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The hike to nowhere special, but it was a nice hike. Judith organised this and included the 'other group', that is the group around Oliver who we met at the previous hike at Pullen farm.
I wrote down some of the names but lost my notes, thus I have to use my memory, from our side we had me, Judith, Frans, Jenny, Jörg, Wynand and Robert, from 'their' side Oliver, Lella, Phillip, Heather, Lolly and others.
We got the cars up following a not so good route into the mountains at a place not far from the Hartebeesport dam wall. In fact from the top we had a magnificent view over the dam. I am jumping ahead here.
Following one of these nice gorges of the Magaliesberg. I was going to climb one of the pillars but was advised from below to rather not do it. The picture shows that this was good advice and for me very clever to listen to it. This pillar surely will not last much longer, the next flood should topple it, or some climber will do it, but not me.
The gorge reminded me of a theory that the rivers a number of million years ago used to flow south north over the berg. The 'wind gaps' being witness to this. There is one of these gaps at the top from where this gorge possibly originated. The phenomena is explained in the reference given. To me the rock has been cut far too deep to be done by a flow of water now and than. But than, of course, I am not an expert.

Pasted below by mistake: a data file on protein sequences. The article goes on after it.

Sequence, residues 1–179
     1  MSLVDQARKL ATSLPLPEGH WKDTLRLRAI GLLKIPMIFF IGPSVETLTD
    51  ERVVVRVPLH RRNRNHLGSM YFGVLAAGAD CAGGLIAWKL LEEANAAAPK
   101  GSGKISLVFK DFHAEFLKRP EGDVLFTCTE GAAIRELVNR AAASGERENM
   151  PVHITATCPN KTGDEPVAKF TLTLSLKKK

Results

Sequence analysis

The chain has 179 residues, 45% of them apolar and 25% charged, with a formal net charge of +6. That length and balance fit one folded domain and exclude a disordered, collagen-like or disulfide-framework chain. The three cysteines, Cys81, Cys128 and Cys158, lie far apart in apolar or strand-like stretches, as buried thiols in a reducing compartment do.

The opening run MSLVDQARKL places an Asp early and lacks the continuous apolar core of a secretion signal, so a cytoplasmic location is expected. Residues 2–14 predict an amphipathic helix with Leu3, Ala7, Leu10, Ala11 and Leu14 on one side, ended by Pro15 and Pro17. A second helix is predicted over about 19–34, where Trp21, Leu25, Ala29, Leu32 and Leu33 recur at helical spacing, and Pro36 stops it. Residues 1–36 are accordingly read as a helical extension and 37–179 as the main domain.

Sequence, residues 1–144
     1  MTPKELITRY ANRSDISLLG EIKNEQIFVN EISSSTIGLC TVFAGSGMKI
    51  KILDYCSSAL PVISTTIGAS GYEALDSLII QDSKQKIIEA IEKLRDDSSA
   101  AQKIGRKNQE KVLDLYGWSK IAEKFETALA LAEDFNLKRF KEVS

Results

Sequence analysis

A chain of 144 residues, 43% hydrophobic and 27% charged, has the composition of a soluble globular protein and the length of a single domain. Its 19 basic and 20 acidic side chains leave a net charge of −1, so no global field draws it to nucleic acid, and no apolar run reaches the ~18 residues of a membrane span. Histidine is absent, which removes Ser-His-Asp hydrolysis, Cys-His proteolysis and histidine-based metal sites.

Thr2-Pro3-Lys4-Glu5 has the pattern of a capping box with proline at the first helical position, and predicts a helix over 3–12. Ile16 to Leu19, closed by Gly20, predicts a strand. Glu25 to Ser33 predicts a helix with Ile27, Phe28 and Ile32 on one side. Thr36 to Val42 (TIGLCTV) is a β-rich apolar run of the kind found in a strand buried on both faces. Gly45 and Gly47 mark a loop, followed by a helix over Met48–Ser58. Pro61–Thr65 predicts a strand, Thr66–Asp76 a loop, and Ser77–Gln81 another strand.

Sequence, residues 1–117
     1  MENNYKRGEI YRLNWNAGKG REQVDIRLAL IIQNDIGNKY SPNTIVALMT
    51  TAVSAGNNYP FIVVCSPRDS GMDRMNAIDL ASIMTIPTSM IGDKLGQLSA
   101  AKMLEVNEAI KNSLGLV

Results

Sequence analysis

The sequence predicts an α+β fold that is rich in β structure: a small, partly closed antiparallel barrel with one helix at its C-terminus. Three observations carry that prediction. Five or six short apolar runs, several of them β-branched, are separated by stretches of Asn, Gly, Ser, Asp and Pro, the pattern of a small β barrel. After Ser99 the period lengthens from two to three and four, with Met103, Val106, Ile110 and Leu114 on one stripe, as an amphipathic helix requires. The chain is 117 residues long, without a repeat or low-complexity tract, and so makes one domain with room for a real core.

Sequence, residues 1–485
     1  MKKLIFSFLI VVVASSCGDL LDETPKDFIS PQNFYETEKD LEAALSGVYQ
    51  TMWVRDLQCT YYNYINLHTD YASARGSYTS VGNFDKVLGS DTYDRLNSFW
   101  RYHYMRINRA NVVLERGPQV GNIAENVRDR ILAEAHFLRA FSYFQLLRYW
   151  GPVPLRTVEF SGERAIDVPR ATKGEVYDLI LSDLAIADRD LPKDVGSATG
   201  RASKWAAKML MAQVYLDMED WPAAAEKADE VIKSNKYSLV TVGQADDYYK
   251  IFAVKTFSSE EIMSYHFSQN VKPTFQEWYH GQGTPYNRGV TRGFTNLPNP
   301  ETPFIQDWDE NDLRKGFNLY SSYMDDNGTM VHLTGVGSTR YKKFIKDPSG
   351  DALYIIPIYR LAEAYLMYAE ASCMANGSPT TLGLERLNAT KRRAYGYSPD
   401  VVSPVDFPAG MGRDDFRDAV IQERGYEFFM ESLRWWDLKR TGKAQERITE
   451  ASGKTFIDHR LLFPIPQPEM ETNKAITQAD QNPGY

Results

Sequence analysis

Eventually most of us got up to the trig point where we had lunch. Lovely view from up there, over to the Hartebeesport dam and north-west over to the Noitgedacht tower, the highest point of the Magalies range.
The downhill hike got me into my knee because of the descent and the rocky terrain. Overall a nice hike, it could be done again with some variations. One can easily make it into a proper 10km hike with a swim stop in the wet season.
Reference: Vincent Carruthers,'The Magaliesberg' Southern Book Publishers, 1990
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